I might be a writer, but I must admit that I am the world’s least creative person, at least when it comes to glitter and Popsicle sticks, that is. The thought of a triboard makes me nauseous, and I’m not particularly adept at using a glue gun.
None of this should matter, considering that I’m long out of middle school, but it does, you see, because I’m the mother of more than one student.
Bleary eyed and a little foggy from the all-nighter I had pulled, I trudged up the steps to my son’s yeshivah on a (raining, of course!) Tuesday (pray tell why most science fairs and build-your-own-menorah competitions never take place on Sunday when Tatty is home… but I digress) morning, ever so carefully carrying the super-delicate model of a sukkah we had toiled to create. By we, I mean mostly me, by the way. Because, well, did you think that a third-grader was capable of cutting out teeny tiny paper chains to be strung with fishing wire from the roof of our shoebox-turned-model?
I was feeling pretty confident about my – our – model of a kosher sukkah (did I tell you I glued actual wallpaper inside of it?!), until we arrived at the school auditorium. That’s when I laid my eyes on the competition. Or, rather, let’s not call it that. Many of my son’s friends’ mini sukkahs looked as though they had been fashioned by Michaelangelo himself.
That’s when I remembered that I, a writer, was competing with more than one contractor and interior decorator.
Suffice to say my Shmueli didn’t win first prize.
Though his good friend Dovid was the winner, it was really his mother who deserved the award for what truly was her masterpiece.
Sounds out of hand? It totally is. You see, I already passed sixth grade, but for some reason it’s expected of me to spend more than one precious Sunday this year, chauffeuring my daughter to meet with her 39 av melachos group and to three different stores to purchase an endless list of must-have materials (cha-ching!) for them to successfully depict one of the melachos on a triboard. That’s if I’m the lucky mother this time, the one was wasn’t appointed to oversee the actual making of said project. My poor hubby was the one rolling up his sleeves after a long day of work, potting bean plants in soil with my older daughter’s science group last year, all in the name of a Nobel-prize-worthy science experiment.
At least that project didn’t require a costume for presentation. Because no, my fourth-grader is not capable of tracking down or fashioning a Benjamin Franklin-era getup for her autobiography exhibition.
Apparently, I’m not the only parent who is frustrated by school projects. (And don’t get me started on contests. There’s my all-time favorite, which requires me to chart multiple brachos made by each child each day and then drive them once a week for a month to various locations throughout my neighborhood to pick up a prize.) One educator posted an article online titled, “Parents, Please Don’t Do Your Kids’ Projects” that starts like this:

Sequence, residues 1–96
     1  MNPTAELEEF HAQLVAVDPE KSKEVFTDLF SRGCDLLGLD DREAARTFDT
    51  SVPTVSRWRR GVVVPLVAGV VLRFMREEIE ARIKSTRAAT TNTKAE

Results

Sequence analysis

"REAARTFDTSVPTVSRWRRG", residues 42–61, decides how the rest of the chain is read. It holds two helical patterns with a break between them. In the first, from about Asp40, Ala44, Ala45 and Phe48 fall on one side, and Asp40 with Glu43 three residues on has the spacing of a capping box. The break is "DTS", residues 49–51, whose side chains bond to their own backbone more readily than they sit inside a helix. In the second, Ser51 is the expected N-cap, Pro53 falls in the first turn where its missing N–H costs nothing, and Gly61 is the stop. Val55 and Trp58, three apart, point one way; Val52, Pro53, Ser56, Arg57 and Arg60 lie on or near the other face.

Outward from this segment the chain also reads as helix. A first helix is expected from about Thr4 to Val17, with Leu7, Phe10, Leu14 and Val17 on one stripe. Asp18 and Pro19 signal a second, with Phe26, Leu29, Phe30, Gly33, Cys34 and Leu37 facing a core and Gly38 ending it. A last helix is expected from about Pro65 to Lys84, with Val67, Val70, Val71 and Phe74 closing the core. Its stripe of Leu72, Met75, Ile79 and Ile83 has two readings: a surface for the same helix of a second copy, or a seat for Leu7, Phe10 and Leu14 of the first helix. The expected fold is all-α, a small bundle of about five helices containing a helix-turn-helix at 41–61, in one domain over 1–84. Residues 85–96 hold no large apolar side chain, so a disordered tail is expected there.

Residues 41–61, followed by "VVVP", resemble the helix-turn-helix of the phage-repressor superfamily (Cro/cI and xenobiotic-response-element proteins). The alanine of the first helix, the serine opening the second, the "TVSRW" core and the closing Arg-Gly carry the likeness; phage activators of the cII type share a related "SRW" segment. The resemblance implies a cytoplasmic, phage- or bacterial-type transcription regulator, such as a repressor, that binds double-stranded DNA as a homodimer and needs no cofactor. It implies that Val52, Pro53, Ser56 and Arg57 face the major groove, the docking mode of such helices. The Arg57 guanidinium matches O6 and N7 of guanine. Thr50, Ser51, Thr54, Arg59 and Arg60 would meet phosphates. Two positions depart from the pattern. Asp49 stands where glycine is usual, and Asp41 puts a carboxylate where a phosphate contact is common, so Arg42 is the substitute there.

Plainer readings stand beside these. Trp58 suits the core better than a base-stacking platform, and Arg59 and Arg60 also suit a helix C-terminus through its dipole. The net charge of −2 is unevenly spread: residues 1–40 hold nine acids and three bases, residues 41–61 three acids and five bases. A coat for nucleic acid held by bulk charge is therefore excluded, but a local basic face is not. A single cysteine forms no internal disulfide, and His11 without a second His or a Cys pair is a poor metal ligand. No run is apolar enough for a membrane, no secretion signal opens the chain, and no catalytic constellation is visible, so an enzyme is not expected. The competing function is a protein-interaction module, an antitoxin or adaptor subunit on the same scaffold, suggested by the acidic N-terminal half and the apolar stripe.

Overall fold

“Third-grader presenting her Independent Project to the class. ‘I don’t really know why that picture is there, my mom put it in.’”
She tells her readers that, “At one point, in an effort to get parents to stop doing this, I offered to let parents turn in their own projects if they really felt the need to do them (I even offered gold stars, but als, no takers).”
This issue makes me wonder: What’s the point of assigning these projects that the children don’t – or rather, can’t – do by themselves? Why grade these children on how creative their mothers and fathers are, how well Mommy and Tatty can stencil, cut and glue?
No parent wants her child to feel second rate; hence parents with poor hand-eye coordination like me feel the need to stay up all night fashioning a massive menorah out of papier mâché so that my child isn’t embarrassed by his entry at the competition. After all, no third-grader’s Magna-Tile creation can compete with a menorah welded out of pipes by someone else’s grandfather – a plumber.
It’s time for parents to take step back altogether – at least according to professionals. Keith Robinson, a sociology professor at the University of Texas at Austin and Angel L. Harris, a sociology professor at Duke, performed the largest-ever study of parental involvement and its effects on academic achievement.
Spoiler alert: Parental involvement, like, for example, doing your kids’ homework and projects, isn’t a good thing! In fact, parental involvement yields few academic dividends for kids – and often even backfires. You guessed correctly: Our kids aren’t really gaining much by holding the glue stick while we plan out and execute a perfectly positioned triboard.
But it isn’t only up to us parents to put an end to this aspect of the Mommy Wars.
Teachers need to be realistic about what our children can accomplish – and how hard it is for parents these days to be bogged down with these extra non-essential responsibilities.
I’m not saying we should do away with projects entirely. (A mother can dream, can’t she, but I need to be realistic.) When done by the children themselves, projects are a great hands-on learning experience. Keywords: by the children themselves. I feel that projects should be made entirely by the students themselves. And any obvious parental involvement should disqualify the contestant at best – or at least require the teacher to take off points. Let’s bring the competitions and projects back down to the children’s level.
Kudos to Mrs. G., the world’s best fourth-grade English teacher, who required her students to write their book reports entirely in class. A plus for you! Not unlike your students – you really earned it.
So, mommies and teachers alike, let’s all learn from her example.